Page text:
Between these two, sometimes you might make a stronger coffee with the Moka Pot, sometimes with the Aeropress, it all really lies on the size of your brewer and how you are using it.
Read Also: Moka Pot vs Espresso Machine
Is Aeropress Good for Espresso?
Actually, when Alan Adler invented the Aeropress, he was trying to create a new brewer other than the Moka Pot that could brew espresso without the use of an espresso machine.
So, that was the initial purpose of the AeroPress, to brew a good cup of espresso!
Many people these days use it to brew regular filter coffee but the Aeropress is also designed for espresso, so yes if you are thinking of using it to make a cup of espresso, go right ahead!
It is designed in such a way that it applies pressure by creating an air vacuum where the water is trapped together with the coffee. Pushing down on the plunger imitates the pressure of the espresso machine, even if not as intensely.
The Aeropress is definitely one of my favorite brewers and I often use it to make a good cup of espresso!
Is Aeropress Better than Moka?
That is a tricky question since we all have different preferences and taste buds when it comes to how we like our coffee.
However! What I can definitely assure you of is that the Aeropress is much more versatile than the Moka Pot.
The Moka Pot only has one use while the Aeropress can be used not only to brew a good cup of espresso but also a delicious cup of regular filter coffee.
Both brewers are great for camping and the outdoors but I would say the Aeropress is much easier to clean than the Moka Pot.
It all just depends on how you like your coffee and how much you want to immerse yourself in the process.
What Should I Buy (Moka Pot vs Aeropress)?
I recommend getting both because they are both very inexpensive as opposed to high-end coffee and espresso systems. Just now, I own a Moka pot and an AeroPress. Again, both are perfect for a great way to produce something that tastes like espresso but doesn’t need the purchase of a big, expensive espresso machine.
You should modify your style based on who you’re making coffee for since both the Aeropress and the Moka Pot come in various sizes. If you have a large family, we suggest at least the middle size; otherwise, the small will work.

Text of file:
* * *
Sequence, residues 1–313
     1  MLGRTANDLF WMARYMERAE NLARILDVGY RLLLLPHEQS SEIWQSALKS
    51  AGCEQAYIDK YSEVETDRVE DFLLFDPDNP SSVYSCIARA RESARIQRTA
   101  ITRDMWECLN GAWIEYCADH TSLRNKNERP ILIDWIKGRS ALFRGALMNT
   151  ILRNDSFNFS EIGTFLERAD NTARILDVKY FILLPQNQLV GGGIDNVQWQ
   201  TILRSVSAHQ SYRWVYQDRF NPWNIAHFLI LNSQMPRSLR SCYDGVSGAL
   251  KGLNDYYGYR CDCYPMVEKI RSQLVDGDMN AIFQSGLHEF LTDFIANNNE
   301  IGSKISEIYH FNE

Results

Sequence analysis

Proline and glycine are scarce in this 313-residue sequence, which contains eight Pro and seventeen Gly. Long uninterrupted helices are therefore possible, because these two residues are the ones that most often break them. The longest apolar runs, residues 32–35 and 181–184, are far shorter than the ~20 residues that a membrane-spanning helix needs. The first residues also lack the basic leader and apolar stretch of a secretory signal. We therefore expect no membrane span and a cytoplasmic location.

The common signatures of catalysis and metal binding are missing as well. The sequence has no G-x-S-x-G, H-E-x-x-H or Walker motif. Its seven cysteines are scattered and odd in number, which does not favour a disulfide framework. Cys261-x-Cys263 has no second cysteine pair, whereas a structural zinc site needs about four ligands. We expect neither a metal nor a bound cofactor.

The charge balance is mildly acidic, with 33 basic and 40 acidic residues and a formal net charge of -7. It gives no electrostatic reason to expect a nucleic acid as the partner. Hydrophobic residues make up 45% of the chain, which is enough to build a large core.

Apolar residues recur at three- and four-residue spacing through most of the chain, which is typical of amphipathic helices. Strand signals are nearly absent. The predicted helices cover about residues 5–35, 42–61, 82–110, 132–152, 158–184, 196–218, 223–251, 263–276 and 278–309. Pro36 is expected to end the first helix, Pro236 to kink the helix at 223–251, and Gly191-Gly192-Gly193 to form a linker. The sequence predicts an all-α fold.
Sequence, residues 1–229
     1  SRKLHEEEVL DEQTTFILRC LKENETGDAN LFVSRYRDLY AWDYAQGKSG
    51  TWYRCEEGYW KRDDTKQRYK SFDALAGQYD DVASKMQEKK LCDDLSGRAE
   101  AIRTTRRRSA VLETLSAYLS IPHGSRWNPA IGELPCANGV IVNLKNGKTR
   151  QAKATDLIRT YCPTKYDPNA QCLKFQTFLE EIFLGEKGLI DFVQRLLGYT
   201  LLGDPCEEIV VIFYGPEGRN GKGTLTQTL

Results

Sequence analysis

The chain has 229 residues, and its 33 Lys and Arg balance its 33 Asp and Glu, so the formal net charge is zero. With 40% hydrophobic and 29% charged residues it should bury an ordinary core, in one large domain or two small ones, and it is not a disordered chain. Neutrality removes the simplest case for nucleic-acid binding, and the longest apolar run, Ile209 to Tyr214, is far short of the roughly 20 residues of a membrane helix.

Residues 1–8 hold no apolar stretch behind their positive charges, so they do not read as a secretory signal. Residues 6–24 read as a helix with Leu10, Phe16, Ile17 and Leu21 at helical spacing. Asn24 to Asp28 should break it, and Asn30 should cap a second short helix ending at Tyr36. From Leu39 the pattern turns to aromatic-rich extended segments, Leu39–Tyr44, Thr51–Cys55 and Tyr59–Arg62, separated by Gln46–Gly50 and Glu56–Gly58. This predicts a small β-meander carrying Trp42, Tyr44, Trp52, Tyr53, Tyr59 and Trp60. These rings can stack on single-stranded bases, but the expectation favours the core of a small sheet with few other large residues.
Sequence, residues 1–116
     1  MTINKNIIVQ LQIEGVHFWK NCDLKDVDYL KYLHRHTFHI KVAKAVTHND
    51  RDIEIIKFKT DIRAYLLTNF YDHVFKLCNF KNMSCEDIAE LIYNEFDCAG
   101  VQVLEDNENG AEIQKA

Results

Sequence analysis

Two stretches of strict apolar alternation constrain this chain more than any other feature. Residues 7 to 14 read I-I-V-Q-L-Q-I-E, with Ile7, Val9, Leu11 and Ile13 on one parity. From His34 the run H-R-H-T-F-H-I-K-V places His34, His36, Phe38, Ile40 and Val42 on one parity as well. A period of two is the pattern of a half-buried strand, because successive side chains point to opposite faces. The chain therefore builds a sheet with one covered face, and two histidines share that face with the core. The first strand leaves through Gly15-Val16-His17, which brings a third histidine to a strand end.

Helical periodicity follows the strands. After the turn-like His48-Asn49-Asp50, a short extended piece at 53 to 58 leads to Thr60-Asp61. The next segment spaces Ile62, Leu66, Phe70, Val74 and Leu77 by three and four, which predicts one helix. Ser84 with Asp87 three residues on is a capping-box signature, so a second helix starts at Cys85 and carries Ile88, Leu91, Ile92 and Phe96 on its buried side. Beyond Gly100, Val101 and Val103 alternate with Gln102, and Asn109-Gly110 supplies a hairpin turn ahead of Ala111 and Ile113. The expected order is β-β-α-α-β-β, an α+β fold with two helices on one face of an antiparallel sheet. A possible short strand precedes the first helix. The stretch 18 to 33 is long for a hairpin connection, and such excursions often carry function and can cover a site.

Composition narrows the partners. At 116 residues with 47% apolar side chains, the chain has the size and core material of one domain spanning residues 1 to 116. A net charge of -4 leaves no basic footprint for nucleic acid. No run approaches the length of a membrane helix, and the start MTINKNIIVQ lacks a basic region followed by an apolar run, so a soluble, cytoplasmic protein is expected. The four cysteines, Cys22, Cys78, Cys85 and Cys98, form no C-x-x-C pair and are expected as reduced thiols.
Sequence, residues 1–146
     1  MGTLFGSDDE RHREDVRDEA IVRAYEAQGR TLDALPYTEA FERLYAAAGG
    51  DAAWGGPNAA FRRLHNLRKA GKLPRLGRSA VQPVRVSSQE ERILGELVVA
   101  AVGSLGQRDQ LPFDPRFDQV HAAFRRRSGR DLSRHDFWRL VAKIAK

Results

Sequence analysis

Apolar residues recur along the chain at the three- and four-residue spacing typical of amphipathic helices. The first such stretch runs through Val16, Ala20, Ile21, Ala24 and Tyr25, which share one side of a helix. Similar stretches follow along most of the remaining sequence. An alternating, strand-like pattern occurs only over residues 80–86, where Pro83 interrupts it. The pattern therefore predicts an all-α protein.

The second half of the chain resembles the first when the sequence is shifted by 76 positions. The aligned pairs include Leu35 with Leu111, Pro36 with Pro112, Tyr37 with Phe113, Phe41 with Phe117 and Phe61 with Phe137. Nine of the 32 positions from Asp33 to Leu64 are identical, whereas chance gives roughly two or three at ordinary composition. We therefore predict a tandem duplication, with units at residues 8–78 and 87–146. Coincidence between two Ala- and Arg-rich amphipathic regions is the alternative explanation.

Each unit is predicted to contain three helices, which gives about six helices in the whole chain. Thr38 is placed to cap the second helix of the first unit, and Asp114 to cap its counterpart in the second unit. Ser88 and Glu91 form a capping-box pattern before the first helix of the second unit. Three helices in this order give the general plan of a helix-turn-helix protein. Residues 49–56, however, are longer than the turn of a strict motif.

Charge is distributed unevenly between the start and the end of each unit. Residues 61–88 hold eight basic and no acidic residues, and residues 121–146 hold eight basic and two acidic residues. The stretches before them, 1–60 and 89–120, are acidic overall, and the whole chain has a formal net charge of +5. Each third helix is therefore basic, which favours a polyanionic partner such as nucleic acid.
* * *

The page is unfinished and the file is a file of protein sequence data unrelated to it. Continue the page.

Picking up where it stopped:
You may also create a Latte using one of these ways warming milk and pressing it through a French Press to attach oxygen.
I think this guide should definitely help in making a choice between the two. In total, the Moka Pot produces a stronger brew, which is ideal for coffee fans, while the AeroPress produces a smoother, easier brew, which is ideal for first-time brewers.
To put the record straight! Don’t get me wrong.
To clarify, neither process is really superior for all coffee makers brew separately and use different techniques. To summarize, they are not exactly equal, but the winner is mainly chosen by personal choice. Both the Moka pot and the AeroPress are great ways to brew coffee.
It is all based on your own preferences! Coffee Lovers Enjoy!
Need More Coffee Help?
- Download our free Grind Size Cheat Sheet Below! It’s a free, easy-to-use guide to help you learn about the different coffee grind sizes!
- Check out our Other Moka Pot or AeroPress Articles! You will learn everything from brewing tips and guides to becoming an expert!
EvelinaEvelina’s passion for coffee could never been hidden. Having worked as a barista, she learned the true value of the coffee bean and its secrets. As she continued to evolve as a barista, so did her knowledge, techniques on making different coffee blends and most importantly how to operate every kind of gear when it comes to coffee. Having a degree in biomedicine and being a barista, allows her to provide our community with in-depth knowledge surrounding the topics of coffee.
Get this free cheat sheet to step up your coffee game and learn about the different grind sizes!